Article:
Review, Compositional Subjects, Enfiguring Asian American Women

From this exploration of the writing self kang moves

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Unformatted text preview: s an autobiography expanded its legitimacy as an ethnographic and historical exploration of ethnic identity. From this exploration of the writing self, Kang moves through the composition of Asian/American women as desiring bodies by and within film studies, as citizens by and within the discipline of history, and as transnational workers by common practices of ethnography. Kang’s chapter on ethnography examines how Asian female working bodies have become vital features of the political and discursive economies linked to assembly line manufacturing, military prostitution, and sex tourism. Hoping to problematize the assumption that scholarly productions are necessarily empowering, Kang pays close attention to the “metaphors, analogies, plots, and images” that render Asian women workers REVIEWS • 217 visible and intelligible. Among these troubling plots is the understanding of exploitable working conditions as a necessary phase in capitalistic growth, and the conceptualization of Asian female bodies as ideal workers in a global capitalist economy characterized by increasing “mobility, flexibility, and porosity.” Portrayed as geographically distant (from us/the U.S.) and bound by tradition, Asian women remain visible yet anonymous, Kang argues. She advances an alternative approach to the study of Asian women workers, one that attends to the historicities of the labor sites of manufacturing, prostitution, and sex tourism....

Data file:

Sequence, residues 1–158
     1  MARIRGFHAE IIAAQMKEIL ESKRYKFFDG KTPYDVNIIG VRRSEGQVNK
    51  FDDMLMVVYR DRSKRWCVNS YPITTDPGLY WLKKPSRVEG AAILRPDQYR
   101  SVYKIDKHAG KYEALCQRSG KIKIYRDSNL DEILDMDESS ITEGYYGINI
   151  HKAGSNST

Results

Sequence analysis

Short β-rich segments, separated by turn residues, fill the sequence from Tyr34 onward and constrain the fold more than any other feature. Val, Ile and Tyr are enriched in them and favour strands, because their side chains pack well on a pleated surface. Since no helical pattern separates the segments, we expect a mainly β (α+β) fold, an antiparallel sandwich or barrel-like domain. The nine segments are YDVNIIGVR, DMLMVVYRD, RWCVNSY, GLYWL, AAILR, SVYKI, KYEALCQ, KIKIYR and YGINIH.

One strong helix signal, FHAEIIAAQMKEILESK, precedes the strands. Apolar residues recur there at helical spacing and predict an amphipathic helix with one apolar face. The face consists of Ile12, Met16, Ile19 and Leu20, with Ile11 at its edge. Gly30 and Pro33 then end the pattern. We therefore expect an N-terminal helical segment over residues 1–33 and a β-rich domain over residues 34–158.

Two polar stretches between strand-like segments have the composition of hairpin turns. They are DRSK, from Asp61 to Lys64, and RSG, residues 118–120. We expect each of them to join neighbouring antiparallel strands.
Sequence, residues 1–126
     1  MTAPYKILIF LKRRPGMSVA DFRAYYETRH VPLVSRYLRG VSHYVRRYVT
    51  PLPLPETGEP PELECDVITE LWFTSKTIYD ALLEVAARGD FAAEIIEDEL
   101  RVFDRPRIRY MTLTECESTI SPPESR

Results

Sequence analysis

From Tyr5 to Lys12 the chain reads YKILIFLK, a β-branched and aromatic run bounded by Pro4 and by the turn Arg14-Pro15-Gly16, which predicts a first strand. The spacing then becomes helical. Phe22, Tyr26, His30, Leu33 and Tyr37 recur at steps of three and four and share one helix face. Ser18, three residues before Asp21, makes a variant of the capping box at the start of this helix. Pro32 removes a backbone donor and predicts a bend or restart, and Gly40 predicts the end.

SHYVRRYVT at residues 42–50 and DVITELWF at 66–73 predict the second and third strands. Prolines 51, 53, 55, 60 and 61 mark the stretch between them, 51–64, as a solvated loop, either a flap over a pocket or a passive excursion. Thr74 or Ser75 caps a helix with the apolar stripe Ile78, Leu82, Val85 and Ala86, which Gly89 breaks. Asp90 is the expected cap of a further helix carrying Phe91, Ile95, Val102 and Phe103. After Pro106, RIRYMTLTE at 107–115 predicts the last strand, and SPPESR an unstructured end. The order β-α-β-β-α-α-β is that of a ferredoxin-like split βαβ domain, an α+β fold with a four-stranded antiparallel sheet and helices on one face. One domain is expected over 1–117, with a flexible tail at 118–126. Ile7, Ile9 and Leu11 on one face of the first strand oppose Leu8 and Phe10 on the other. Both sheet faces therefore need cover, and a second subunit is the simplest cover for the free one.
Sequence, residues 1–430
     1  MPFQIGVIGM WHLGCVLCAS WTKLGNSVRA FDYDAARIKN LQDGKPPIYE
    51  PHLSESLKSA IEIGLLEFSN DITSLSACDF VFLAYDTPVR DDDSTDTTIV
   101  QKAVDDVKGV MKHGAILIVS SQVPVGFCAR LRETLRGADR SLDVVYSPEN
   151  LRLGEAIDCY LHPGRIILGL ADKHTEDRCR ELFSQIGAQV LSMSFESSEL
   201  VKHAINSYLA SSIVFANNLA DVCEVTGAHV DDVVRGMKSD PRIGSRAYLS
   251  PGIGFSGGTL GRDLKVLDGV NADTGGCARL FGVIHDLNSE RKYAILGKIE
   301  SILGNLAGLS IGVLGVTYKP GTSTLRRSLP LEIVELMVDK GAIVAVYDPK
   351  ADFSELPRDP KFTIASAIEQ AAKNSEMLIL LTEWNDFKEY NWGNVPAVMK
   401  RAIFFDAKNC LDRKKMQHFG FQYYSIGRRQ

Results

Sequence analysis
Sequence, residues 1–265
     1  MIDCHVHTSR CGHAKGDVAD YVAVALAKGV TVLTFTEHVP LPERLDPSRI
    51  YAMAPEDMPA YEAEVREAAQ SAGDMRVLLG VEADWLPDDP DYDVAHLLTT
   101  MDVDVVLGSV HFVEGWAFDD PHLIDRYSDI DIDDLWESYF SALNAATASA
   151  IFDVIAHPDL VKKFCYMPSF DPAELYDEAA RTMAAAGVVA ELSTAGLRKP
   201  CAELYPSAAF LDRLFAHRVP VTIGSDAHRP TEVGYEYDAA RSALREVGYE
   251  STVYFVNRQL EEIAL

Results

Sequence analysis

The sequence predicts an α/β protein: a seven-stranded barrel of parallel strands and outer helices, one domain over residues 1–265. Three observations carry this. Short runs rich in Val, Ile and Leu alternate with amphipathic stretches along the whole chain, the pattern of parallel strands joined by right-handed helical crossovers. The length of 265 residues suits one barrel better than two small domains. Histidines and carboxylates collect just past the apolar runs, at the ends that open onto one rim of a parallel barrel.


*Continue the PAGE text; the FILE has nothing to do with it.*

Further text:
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This note was uploaded on 11/17/2009 for the course HISTORY 131405 taught by Professor Kate during the Three '09 term at University of Melbourne.

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